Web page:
First Kill

Sapphic stories really suffered the cancellation curse in 2022, because young adult vampire series "First Kill" was also canceled. Netflix staked the series after only one season, as they are wont to do, enraging the series' small but ferocious fanbase. "First Kill" was adapted by V. E. Schwab's short story of the same name, and was focused on the dangerous romance between a vampire named Juliette (Sarah Catherine Hook) and a monster hunter named Calliope (Imani Lewis). The two have a love affair reminiscent of Romeo and Juliet, starting a war between the vampires and monster hunters. 

Showrunner Felicia D. Henderson voiced frustration that Netflix failed to properly market the series, leading to its untimely cancellation, though I don't think anyone fully understands how the bosses at Netflix decide what to cancel, even the bosses themselves. (Is it a dartboard that they throw darts at while blindfolded? A Magic 8-Ball? An old woman reading the bones?) What we know for certain is that "First Kill" barely had a chance to get off the ground before it was cut down.

Raised by Wolves

This one hurts. "Raised by Wolves" was easily the weirdest thing on television, following a sci-fi story about human colonists in the far future trying to repopulate distant planets. Humanity all but destroyed itself by separating into two factions: The Mithraic, who follow a sun god and have strict religious practices, and the Atheists, who shun all religion. "Raised by Wolves" follows two androids, Mother (Amanda Collin) and Father (Abubakar Salim), who land on the planet Kepler 22-b and attempt to raise a brood of human children there. Unfortunately, a Mithraic colony ship also crashes nearby, and the planet itself is extremely hostile.

Ridley Scott produced the series, which definitely has traces of "Prometheus" in its DNA. "Raised by Wolves" digs deep into religion, what it means to be human, the potential of artificial intelligence, and more. But it's also truly audacious and strange. The planet's natural flora and fauna are bizarre and beautiful, managing to somehow be more terrifying than even the maniacal Marcus (Travis Fimmel), who believes himself to be a prophet of the Mithraic god, Sol. Unlike "Westworld," "Raised by Wolves" wasn't interested in fans trying to explain or understand its mysteries, and instead just encouraged them to go along for the weird, wild ride. Season 2 ended with some pretty huge surprises, but unfortunately we may never know the final fates of Mother, Father, Marcus, and the rest of the survivors. The fans, along with star Salim, have petitioned for a revival, but the show's fate is in Sol's hands. 

The Midnight Club

Mike Flanagan has made a pretty successful career for himself adapting horror novels into television shows and movies, but unfortunately his adaptation of Christopher Pike's "The Midnight Club" was a rare miss for the director. The series received somewhat mixed reviews and had a low viewership, and much like "First Kill," Flanagan thinks Netflix's marketing for the series might have had something to do with its flagging streaming numbers. 

"The Midnight Club" follows a group of terminally ill kids who meet each night to share scary stories with one another. They make a pact that if one of them dies, they have to come back and give the others hope for the afterlife. "The Midnight Club" is a haunting, beautiful story with great mini-stories within it, but the series just didn't deliver enough to get fans begging for more.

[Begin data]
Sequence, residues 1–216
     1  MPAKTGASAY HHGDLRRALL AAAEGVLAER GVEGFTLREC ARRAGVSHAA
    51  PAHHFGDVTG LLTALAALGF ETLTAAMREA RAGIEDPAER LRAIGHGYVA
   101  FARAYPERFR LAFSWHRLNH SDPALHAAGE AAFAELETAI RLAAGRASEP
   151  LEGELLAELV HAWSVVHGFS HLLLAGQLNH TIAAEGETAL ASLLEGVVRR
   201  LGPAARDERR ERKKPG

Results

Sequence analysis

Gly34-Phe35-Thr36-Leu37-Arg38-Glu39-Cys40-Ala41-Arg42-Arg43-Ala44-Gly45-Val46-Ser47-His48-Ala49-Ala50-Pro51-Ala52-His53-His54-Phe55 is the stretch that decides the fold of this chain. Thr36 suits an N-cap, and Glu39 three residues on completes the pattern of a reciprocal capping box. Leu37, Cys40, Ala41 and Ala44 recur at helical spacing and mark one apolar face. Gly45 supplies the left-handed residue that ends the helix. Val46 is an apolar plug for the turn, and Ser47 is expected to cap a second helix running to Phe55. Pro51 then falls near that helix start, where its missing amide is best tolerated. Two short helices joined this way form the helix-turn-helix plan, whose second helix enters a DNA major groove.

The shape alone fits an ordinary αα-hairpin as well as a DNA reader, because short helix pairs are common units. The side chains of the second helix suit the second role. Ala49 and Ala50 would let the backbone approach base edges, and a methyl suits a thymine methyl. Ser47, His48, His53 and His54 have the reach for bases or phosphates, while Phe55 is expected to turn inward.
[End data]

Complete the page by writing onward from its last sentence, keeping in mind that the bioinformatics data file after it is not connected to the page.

Like many of the other shows on this list, "The Midnight Club" ended on a cliffhanger, with some of the show's major characters in genuine peril. If fans want to know what happens to their favorite characters, they can always read the novel, or read about Flanagan's plans for a potential season 2 before the cancellation. Flanagan fans can at least rest easy knowing that their fave is staying busy, with a "Dark Tower" adaptation on the way at Amazon Studios.

The CW superhero slate

The Warner Bros. Discovery merger had far-reaching ramifications, including the DC Comics properties over on the CW. The television channel is undergoing a rebranding, and throughout this year they have canceled nearly everything on their comics slate, including "DC's Legends of Tomorrow," "Batwoman," and "Naomi," while their last major flagship program, "The Flash," ended after nine seasons. The DC comics shows on the CW had varying levels of success, with shows like "Batwoman" struggled to gain and keep viewers. 

The future of DC on TV and in the movies is still up in the air after James Gunn and Peter Safran took over as the new heads of the DCU, but it's pretty much guaranteed that they have no future at all on the CW. These shows will always have their (dedicated) fanbases, but unfortunately, we have reached the end of an era. 

Many, many more

There were so many great shows canceled in 2022 that it feels impossible to list them all, especially because many of the series that took risks for new audiences were the ones to get yanked. There's a shocking number of shows that were canceled this year that feature female or LGBTQ leads or storylines, including "Paper Girls," "The Nevers," and even the award-winning "The Baby-Sitters Club." There are so many amazing stories out there, but unfortunately not all of them get to continue until their rightful endings. 

Some other great shows that got canceled before their time this year include: "Cooking with Paris," "Love, Victor," "Snowfall," "Raising Dion," "M.O.D.O.K.," "Dollface," "Snowpiercer," "Queens," "Joe Pera Talks With You," "Night Sky," "See," "Desus & Mero," "Resident Evil," "Crossing Swords," "Fate: The Winx Saga," "Los Espookys," and "Minx."

Shows will always get canceled, but hopefully the hits won't be as hard in 2023. Check back next year to see what else unfairly gets the axe, because I'm sure to have opinions about it.